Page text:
Japanese Food: 45 Traditional Dishes To Look For In Japan

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If you’re planning on visiting Japan, you might be wondering about all the things you can eat there. Japanese cuisine is one of the best in the world, especially given that many chefs train in just one specific food for their entire lives. You can expect the highest quality in everything you eat.

Knowing that Japanese food is amazing is just half of it though. When you visit, you need to know what to look for and how to say it. You’ll be bombarded with choices from the moment you step off the plane.

Japanese Food: 45 Traditional Dishes to Look For in Japan

You probably already know you’re going to get top quality sushi in Japan, but what about the other foods? There are dozens of unique and tasty things to try when you visit this beautiful country.

All I can say is, go in with an open mind and be willing to try things, even if they look questionable to you. Some of the best things are the ones you’re not sure about eating. Try everything and you’ll be rewarded for it.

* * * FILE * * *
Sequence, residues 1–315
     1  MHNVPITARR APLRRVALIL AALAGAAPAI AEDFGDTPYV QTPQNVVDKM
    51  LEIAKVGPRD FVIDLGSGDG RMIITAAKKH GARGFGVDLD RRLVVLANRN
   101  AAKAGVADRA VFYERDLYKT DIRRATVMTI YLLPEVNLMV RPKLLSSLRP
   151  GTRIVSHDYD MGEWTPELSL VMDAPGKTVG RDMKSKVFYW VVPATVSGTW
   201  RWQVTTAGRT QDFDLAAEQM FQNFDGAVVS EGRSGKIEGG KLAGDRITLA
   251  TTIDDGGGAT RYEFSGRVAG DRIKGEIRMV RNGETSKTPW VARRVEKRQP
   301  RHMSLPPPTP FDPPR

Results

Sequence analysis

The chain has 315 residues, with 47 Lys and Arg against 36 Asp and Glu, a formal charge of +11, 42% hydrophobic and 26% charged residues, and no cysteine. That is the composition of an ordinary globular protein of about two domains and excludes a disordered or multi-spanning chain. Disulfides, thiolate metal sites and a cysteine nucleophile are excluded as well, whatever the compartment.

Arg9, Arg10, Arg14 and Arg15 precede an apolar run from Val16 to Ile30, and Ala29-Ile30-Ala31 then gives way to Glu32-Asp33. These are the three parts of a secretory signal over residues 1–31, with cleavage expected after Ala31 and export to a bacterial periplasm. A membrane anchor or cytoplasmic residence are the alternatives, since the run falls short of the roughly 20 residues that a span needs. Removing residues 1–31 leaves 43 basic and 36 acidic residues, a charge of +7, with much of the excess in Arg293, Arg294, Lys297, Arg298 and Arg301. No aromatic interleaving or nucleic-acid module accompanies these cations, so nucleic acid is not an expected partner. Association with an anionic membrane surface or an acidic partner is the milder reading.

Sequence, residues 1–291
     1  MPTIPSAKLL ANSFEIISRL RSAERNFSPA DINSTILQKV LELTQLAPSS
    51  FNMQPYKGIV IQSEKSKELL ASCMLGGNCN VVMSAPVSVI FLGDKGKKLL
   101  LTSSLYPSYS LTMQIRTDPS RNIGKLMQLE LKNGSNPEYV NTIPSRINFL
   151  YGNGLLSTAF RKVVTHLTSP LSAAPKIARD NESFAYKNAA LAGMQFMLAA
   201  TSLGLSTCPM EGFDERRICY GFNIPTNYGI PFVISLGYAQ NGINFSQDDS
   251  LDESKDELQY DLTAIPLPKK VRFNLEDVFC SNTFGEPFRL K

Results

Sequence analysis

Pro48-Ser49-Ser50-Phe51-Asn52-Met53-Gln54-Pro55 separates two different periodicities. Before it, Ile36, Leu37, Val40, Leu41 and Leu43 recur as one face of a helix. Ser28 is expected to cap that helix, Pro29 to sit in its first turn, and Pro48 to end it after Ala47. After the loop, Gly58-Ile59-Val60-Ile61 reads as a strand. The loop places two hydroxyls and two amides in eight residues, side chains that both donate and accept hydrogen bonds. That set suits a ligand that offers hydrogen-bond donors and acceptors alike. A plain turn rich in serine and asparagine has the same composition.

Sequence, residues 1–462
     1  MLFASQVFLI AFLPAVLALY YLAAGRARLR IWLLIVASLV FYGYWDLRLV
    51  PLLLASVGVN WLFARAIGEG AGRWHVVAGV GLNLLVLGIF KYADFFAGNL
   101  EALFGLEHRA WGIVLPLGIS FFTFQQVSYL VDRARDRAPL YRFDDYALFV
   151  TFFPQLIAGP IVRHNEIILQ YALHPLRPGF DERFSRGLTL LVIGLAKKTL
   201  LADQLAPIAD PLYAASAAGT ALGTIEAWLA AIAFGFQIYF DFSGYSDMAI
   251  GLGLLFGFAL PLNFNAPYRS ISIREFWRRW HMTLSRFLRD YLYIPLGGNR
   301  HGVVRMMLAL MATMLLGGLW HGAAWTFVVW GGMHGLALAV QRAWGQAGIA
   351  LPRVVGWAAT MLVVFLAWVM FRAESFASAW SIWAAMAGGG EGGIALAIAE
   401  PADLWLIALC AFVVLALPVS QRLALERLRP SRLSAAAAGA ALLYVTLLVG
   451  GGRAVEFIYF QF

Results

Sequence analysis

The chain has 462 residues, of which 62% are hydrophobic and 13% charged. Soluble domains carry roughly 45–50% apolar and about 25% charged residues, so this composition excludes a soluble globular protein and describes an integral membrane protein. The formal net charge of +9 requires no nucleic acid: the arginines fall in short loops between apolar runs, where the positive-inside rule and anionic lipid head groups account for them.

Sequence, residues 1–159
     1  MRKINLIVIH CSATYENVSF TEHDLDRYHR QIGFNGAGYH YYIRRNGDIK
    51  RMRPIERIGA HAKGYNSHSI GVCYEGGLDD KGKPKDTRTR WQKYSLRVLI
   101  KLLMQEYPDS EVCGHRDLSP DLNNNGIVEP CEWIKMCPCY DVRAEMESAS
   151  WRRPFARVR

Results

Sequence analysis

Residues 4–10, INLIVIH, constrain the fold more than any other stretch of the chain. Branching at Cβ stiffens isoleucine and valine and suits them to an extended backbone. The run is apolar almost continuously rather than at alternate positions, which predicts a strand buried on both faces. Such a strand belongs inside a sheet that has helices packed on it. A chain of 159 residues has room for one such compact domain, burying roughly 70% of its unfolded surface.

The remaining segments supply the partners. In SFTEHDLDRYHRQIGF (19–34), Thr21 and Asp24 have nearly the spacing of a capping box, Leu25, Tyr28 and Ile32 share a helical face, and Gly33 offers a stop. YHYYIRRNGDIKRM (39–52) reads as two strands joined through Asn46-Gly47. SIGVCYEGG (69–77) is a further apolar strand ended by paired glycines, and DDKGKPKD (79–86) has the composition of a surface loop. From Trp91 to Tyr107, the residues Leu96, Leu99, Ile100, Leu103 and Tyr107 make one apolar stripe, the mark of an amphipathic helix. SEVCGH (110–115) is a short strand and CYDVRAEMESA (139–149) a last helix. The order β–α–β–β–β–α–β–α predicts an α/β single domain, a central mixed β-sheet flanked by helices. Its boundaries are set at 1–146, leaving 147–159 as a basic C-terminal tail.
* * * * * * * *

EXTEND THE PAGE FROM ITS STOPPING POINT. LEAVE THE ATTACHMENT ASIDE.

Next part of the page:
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45 Traditional Japanese Dishes You Need To Try

There are so many traditional foods of Japan that we all know and love. From delicious Japanese soups to sushi and pork belly, we can’t get enough of it.

It doesn’t matter how much you think you know about this cuisine, there will always be something that surprises you.

1. Ramen


Ramen is a very common dish throughout Japan. It is made up of noodles, an intense broth, slices of pork, sometimes vegetables, and Ramen Eggs (Ajitsuke Tamago). Ramen can be found all over Japan and you’ll often find them in clusters in popular areas.